It Happened to Me

Part of my interest in this stems from an experience I myself had in the hospital. I was there because two years after my original accident, I was struck down by quadriplegia.

The problem was clearly seen on the study that measured my body’s response to electrical stimulation, known as an EMG. So, it wasn’t psychological. But despite this, the doctors weren’t able to pinpoint what had brought it on, and therefore had no cure for me. 

My roommate Patricia was a deeply spiritual and religious woman. (For more about her, read the story I wrote about her.) She had a large number of friends who came by on a regular basis. They prayed with her and for her. 

Soon, they were praying for me too. I had no objection to this. I’m Jewish and was at the time a lifelong atheist. Still, I was spiritual in my own way, and anyhow who would refuse prayers in a situation like mine? 

I’d been paralyzed for three months and it looked bleak. Then, my chiropractor suggested I try a different pillow that he believed would reduce the pressure on my spinal cord and could cure the paralysis. Though I trusted him, I was skeptical.

Still, my husband ordered the appropriate pillow from Amazon and placed it under my head. A few hours later, I tried out some experimental movements. To my amazement, the paralysis was gone. I could move my arms and legs again!

I asked Patricia what she thought had happened—was I just lucky to have a brilliant chiropractor, or was it the prayers?

“It was both,” she said. “God was acting through your chiropractor.”

Many religions talk about this kind of human involvement with God’s works. Christianity has many stories of healers other than Christ himself. In Judaism, too, a number of Rabbis are said to have healed people through prayer.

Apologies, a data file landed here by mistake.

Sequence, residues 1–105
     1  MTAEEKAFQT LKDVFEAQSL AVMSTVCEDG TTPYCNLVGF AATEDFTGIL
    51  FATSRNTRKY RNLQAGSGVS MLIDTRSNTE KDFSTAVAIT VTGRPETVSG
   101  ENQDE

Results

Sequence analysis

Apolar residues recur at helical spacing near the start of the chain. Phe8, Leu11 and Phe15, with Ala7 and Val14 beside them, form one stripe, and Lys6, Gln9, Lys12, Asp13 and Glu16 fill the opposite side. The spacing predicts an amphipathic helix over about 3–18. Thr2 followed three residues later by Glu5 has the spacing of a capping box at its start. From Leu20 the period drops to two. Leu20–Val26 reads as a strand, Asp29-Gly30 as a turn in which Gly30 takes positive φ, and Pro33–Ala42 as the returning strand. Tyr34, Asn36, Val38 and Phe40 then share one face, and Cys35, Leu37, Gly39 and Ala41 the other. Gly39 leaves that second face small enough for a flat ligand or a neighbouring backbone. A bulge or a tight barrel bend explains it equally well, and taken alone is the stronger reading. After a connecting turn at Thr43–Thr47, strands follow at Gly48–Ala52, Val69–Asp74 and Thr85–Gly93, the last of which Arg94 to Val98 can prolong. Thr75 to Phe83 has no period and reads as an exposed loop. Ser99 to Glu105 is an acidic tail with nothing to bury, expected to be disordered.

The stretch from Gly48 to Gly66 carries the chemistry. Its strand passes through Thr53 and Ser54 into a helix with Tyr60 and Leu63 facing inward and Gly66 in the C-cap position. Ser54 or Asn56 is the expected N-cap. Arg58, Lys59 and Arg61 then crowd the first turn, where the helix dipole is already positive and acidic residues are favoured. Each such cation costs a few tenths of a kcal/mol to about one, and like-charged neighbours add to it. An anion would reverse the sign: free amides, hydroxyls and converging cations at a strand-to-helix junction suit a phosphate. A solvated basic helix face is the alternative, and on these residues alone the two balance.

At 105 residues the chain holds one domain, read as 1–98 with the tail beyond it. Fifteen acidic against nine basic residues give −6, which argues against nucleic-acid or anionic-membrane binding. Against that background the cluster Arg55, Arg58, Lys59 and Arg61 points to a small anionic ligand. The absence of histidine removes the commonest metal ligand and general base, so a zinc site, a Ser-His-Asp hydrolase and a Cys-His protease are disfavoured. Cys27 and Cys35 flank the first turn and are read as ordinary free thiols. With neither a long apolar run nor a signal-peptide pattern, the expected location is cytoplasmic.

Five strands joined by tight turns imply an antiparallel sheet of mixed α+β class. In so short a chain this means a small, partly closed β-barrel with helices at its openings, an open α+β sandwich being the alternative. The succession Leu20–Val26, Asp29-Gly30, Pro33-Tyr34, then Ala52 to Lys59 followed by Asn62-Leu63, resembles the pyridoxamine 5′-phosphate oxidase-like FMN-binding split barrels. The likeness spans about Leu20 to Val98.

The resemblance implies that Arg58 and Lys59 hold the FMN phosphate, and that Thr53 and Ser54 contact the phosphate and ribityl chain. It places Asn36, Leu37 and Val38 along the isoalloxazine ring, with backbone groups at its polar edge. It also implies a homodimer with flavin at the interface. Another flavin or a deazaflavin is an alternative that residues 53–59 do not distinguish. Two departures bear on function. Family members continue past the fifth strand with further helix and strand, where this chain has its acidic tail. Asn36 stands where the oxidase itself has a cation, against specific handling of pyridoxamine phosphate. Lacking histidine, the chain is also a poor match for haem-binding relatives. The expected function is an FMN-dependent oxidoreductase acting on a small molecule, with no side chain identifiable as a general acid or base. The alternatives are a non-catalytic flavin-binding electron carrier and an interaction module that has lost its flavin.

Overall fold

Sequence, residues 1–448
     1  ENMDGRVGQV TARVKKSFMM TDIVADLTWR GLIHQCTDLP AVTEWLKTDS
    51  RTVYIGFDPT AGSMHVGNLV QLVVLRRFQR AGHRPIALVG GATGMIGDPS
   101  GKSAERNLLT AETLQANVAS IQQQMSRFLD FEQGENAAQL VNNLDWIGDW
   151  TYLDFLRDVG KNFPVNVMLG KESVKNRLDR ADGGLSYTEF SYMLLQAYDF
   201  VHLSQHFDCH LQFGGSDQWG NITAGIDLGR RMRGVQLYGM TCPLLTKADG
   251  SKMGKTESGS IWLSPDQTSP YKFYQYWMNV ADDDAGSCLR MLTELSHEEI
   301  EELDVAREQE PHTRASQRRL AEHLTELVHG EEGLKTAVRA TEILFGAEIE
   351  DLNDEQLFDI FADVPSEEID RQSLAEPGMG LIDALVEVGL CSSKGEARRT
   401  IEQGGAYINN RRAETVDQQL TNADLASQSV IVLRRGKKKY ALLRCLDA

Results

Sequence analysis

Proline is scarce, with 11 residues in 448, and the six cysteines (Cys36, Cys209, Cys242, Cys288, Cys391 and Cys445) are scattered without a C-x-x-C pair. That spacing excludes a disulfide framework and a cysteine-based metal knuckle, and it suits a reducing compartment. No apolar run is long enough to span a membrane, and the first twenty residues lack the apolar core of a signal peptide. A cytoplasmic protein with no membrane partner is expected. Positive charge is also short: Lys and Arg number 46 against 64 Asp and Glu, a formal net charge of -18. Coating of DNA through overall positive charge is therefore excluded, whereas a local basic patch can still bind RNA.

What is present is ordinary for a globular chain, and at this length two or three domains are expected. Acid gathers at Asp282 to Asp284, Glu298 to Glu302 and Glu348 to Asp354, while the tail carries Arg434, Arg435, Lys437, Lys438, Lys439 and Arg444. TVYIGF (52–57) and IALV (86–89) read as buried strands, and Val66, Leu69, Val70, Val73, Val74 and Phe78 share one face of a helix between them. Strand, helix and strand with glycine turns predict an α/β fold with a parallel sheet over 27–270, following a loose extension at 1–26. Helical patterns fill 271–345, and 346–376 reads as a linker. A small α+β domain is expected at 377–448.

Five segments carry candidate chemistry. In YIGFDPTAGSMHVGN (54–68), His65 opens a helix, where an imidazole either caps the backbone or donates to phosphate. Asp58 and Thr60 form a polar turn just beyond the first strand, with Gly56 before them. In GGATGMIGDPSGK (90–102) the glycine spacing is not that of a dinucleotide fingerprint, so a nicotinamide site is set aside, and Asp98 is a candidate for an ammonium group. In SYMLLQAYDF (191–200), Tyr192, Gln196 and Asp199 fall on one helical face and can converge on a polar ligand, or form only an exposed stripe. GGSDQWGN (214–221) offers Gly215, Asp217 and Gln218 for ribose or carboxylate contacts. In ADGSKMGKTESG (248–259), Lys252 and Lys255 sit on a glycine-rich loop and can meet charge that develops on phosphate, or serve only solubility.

The First Century CE Rabbi Ben Dosa was renowned for his healing power. Another was the Baal Shem Tov, who founded the Hasidic movement in the 1700s, which rejuvenated Judaism and is popular to this day.

This video, by a follower of another noted Hasidic Rabbi and healer, Rabbi Nachman of Breslov, explains how prayer can heal:

Lately I’ve been experimenting with prayer, using both traditional Jewish prayers as well as my own personal prayers. The results so far have been mixed. 

I have noticed that my pain is down. And not long ago I got a major boost. I was connected to a new pain doctor through a Facebook group for fellow alumni of my college. 

He’s one of just a few pain doctors I’ve seen who’s helped me. It feels miraculous after so many years of fruitless searching. I now wonder, was this series of events because of my prayers?

At the same time, my prayers for complete healing have yet to materialize. I’m not sure if this is because I still harbor doubt, or because, as the rabbi in the video says, my soul isn’t in tune with the idea. Or maybe it’s something else. 

I’d love to hear your thoughts about this, and any experiences you’ve had with prayer and healing. The comments are open.

It’s an exciting time for pushing the boundaries of what’s possible, as so many people are opening their minds to healing through alternative means. All of which makes “thoughts and prayers” have new resonance and meaning.